Hollywood finally did it — made me go woke. None of its politically correct movies or TV shows broke my decade-old resistance. It was the trade magazine Variety with its illuminating article last week, “10 Problematic Films that Could Use Warning Labels.” Intrigued by the title, I wondered which films from cinema’s 125-year history author Tim Gray would brand as hazardous to modern culture.
I anticipated D. W. Griffith’s The Birth of a Nation (1915), in which the Ku Klux Klan heroically ride to the rescue of Lillian Gish and company from black militiamen. Possibly Sergei Eisenstein’s Battleship Potemkin (1925), celebrating a mutiny that helped spawn the communist Russian Revolution. Or Leni Riefenstahl’s The Triumph of the Will (1935), an unparalleled ode to Hitler. Or perhaps the sexually obscene works of Pier Paolo Pasolini (The Decameron, The Canterbury Tales) and John Waters (Pink Flamingos, Female Trouble). But no, the films Gray targets are even more offensive, among them Dirty Harry, The Searchers, Once Upon a Time in Hollywood, and, gulp, Forrest Gump.
At first I thought I’d dismiss Gray offhand, having contradicted his lead sentence — “It’s now widely accepted that despite being a beloved classic, Gone With the Wind, needs an explanation of its context when it’s screened on TV or in theaters” — in my last column. But the more I read the reasoning for his selections, the more I saw the left-wing light.
Of Dirty Harry (1971), Gray wrote, “The film mocks liberal judges and do-gooders.” He’s right, I said to myself. The two most recent atrocious decisions by Supreme Court Chief Justice John Roberts are no laughing matter. About Forrest Gump (1994) — “It’s actually hostile to protesters, activists and the counterculture.” Yes, I said to myself. We mustn’t oppose those nice people looting stores, toppling statues, and demanding the police be dismantled. Regarding Once Upon a Time in Hollywood — “Black people seem non-existent and ‘the Mexicans,’ as they’re called in the film, are car valets or waitresses.” Maybe, I pondered, more blacks could be digitalized in, and some car valets digitalized white, in a movie set in 1969. Clearly by this point, I had taken the blue pill.
Attacking John Ford’s The Searchers (1956), an acknowledged American masterpiece, though that may soon change, Gray wrote, “[John] Wayne’s character, Ethan Edwards, is an unapologetic racist who sees all Native Americans as less than human.” He is?! I gasped. No wonder the film’s actual hero, Martin Pawley (Jeffrey Hunter), spends most of the story trying to protect Ethan’s Comanche-kidnapped niece (Natalie Wood) from her uncle! That Ethan is left visually isolated in the powerful last scene isn’t punishment enough, I agreed. He merited a good virtue-signaling lecture at the end.
Now utterly enlightened (like Drew Brees apologizing ad nauseam for having knocked taking a knee before the flag, or Mike Gundy for having worn an OAN t-shirt on vacation), I mentally reviewed the faults of my favorite films and was shocked at their insensitivity. I can only atone by following Variety’s lead with trigger warnings for these movies. Here I go:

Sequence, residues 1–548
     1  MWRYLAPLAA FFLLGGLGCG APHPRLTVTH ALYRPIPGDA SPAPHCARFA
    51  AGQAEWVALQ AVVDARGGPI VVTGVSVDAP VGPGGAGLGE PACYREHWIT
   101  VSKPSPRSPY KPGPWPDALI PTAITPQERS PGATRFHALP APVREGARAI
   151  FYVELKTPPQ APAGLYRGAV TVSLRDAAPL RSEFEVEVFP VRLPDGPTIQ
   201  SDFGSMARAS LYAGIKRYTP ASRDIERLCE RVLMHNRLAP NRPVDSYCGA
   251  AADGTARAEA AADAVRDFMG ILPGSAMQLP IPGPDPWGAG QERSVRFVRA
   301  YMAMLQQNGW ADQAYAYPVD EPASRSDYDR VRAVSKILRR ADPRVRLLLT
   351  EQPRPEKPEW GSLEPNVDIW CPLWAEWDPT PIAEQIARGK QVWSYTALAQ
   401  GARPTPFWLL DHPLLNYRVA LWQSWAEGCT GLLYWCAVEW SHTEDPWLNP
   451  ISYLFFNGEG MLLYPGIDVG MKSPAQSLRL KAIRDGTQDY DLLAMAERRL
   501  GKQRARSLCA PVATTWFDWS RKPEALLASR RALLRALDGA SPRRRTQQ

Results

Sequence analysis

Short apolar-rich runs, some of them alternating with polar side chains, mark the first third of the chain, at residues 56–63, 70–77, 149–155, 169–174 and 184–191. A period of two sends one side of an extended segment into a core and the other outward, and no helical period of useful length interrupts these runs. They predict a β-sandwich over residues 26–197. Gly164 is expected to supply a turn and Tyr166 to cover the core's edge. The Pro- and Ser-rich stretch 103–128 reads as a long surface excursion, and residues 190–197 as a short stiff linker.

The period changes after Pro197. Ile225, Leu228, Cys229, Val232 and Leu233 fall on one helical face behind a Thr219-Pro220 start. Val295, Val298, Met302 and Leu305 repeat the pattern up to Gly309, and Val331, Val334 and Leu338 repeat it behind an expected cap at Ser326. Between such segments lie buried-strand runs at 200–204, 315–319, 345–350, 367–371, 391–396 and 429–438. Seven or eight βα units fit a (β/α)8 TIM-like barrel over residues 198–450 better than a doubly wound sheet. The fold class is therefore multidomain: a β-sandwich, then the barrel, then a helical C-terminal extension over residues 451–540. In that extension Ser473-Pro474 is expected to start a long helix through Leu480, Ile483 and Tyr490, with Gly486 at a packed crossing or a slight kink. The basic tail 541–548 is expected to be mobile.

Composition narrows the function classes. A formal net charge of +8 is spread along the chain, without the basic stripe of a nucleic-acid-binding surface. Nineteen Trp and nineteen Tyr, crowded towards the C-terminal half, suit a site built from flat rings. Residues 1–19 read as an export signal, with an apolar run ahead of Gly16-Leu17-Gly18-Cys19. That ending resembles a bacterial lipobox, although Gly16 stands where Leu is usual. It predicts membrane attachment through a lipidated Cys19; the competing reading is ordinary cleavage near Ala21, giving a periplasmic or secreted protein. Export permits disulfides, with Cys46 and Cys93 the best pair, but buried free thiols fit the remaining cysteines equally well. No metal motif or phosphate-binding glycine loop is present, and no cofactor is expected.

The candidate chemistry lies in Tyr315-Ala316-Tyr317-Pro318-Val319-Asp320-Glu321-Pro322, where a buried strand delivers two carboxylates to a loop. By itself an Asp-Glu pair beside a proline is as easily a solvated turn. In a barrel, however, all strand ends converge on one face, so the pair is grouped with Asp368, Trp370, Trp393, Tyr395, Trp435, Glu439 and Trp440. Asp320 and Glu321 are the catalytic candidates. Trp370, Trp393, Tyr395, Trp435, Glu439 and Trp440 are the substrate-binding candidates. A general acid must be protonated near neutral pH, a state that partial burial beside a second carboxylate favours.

Body Heat (1981). Warning: William Hurt’s toxic lust for the smoking-hot Kathleen Turner becomes so unbearable, he smashes her locked glass door to go in and ravish her.
Ben-Hur (1959). Warning: Charlton Heston as a white slave? As Joe Biden would say, “Come on, man!”
The Magnificent Seven (1960). Warning: Six gringos and a token Latino, played by a German, head south of the border to save a poor, helpless Mexican village from “bad hombres.” How racist and xenophobic.
Animal House (1978). Warning: Fraternity boys sexually stalk and harass college women, and one of them even statutory rapes a (consenting) underage girl.
Three Days of the Condor (1975). Warning: Rogue CIA agent Robert Redford abducts Faye Dunaway at gunpoint and abuses her in her apartment until Stockholm Syndrome sets in and she falls for her captor.
North by Northwest (1959). Warning. Villain James Mason dismisses henchman Martin Landau’s warning about his girlfriend (Eva Marie Saint) as based on homosexual jealousy.
Thunderball (1965). Warning: James Bond punches a woman who turns out to be a man, then continues to beat him up, committing both female and transgender abuse.
Shane (1953). Warning: Shane teaches a young boy how to use a gun, and when the boy’s mother protests, he mansplains that guns don’t kill people, men do. It’s a shameless defense of the aberrant Second Amendment.
In penance for my conservative guilt, I intend to keep watching these films and other classics over and over again for the rest of my life. I’ll even play devil’s advocate and tell progressive scolds like Variety to blow off, and Hollywood to make movies a fraction as wonderful as these.